The tanks, which had been parked right outside her house left a few days prior, but stayed within a short drive to the village. Tanks, by their nature, are unpredictable beasts and tend to come back at the worst possible time. But driving at night in contested territory is roughly equivalent to suicide. So the young missionaries hid their vans the best they could, prayed together, and went to sleep.
In the end, it was Olga who organized everyone else. When the team woke up they found dozens of people outside, with more showing up every minute. “They all want to go with you,” said Olga. I imagine the shock on the young faces of our team. Our extraction of 3 just turned into the extraction of more than a hundred people, organized by Olga. Women and children, all ready to evacuate, 25 civilian vehicles, and a team of missionaries led by a twenty-year-old. I told you it was not a sad story. I never told you it wasn’t a crazy one.
The caravan drove out over the main village road. For the first time, the team saw the village in daylight. They drove past the local cemetery and its fifty fresh graves. The husks of vehicles, tanks, and trucks blown up by the side of the road. As the husbands and fathers stood in the street, they waved goodbye to the evacuees, possibly for the last time. There would likely be no way to get more supplies until our team, or someone like them came back.
It is one thing to drive three vans over dirt roads. It is a different thing entirely to drive 28 vehicles over those same roads. About two hours in, on a dirt path that does not have a name, the caravan stopped dead in the mud. Our team, and civilians, mostly women and children, exposed on all sides, visible to anybody who cared to look. But there was nowhere to go, and no turning back. And so those who could help push the vehicles pushed. Those who couldn’t, walked. Eventually, the vehicles and people broke free. So yes, this is a story about miracles. Because while the team spend more than 16 hours in contested territory, they did not encounter a single Russian soldier, nor a single stray bullet. They did encounter an old man by the side of the road. He gave them directions… and promptly vanished. Make of this what you will.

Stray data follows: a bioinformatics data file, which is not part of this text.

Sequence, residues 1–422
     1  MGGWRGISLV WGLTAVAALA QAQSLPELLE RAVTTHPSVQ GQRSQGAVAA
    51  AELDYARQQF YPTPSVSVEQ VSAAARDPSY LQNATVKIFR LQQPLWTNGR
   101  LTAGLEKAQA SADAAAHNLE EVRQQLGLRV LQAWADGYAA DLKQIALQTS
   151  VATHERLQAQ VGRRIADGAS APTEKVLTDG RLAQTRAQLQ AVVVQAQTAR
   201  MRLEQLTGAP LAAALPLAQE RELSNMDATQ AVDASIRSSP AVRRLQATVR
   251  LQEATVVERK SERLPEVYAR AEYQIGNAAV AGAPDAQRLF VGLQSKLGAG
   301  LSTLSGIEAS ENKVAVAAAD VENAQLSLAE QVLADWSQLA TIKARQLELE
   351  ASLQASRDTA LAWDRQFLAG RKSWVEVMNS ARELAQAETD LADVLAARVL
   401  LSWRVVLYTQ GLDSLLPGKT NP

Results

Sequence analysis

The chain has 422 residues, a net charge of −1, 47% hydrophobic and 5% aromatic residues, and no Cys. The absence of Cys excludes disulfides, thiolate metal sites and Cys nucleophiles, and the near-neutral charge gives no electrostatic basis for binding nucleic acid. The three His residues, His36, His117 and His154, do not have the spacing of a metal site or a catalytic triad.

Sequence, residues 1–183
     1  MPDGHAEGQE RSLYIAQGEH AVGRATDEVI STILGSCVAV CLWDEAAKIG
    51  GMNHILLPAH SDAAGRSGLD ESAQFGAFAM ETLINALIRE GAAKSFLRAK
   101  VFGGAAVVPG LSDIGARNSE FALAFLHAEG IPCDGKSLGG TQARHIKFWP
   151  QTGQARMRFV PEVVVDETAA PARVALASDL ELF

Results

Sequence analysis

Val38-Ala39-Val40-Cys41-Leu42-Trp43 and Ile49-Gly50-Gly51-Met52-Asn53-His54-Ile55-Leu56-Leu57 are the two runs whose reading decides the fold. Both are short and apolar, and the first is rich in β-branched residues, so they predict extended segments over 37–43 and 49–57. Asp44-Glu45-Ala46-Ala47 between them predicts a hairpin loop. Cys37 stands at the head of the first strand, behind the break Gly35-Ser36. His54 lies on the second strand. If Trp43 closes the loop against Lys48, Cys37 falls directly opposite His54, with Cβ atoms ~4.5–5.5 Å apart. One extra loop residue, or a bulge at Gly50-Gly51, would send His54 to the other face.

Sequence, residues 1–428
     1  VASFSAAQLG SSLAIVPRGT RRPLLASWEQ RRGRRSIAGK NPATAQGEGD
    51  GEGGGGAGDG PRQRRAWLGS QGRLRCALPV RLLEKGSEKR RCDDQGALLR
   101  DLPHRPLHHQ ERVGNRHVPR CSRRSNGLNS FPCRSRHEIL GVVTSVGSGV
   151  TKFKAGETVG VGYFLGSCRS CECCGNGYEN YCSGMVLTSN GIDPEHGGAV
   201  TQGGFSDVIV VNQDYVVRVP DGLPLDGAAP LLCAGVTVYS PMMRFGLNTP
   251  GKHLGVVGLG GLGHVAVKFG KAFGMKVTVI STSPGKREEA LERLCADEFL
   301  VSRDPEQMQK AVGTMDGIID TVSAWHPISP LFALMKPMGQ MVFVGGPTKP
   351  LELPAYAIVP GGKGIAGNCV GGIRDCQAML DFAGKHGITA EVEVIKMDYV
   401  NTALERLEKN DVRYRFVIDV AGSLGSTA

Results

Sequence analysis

The majority of evacuees stayed in Kiev. Some planned on traveling further, and some preferred to stay in Ukraine, and fight for whatever remained of their lives. But every good story must have a plot twist. And this one does too.
Olga did not leave in one of those vans. What my team and I didn’t know is that she did not intend to leave her village or her land. She did not want to leave her home, she did not want to leave the other people she could help. But most of all, she refused to give up what was hers to the invaders. While she had organized the extraction of a hundred and twenty people, while she sent her daughter and grandson to the relative safety of Kyiv, she stayed.
So no, this is not a sad story.
This is a story of unlikely heroes, of little Ukrainian grandmas who have more guts than the entirety of a poorly fed army of invaders, of people of God who do things for no reason other than love, faith, and trust. This is a story of a little boy who will get to play soccer without having to worry about tanks. This is a story of miracles. This is a story of four women who did not know how to give up. But most of all this is a story of a brave woman whose real name I can not tell you, and of a team who risked their lives to help.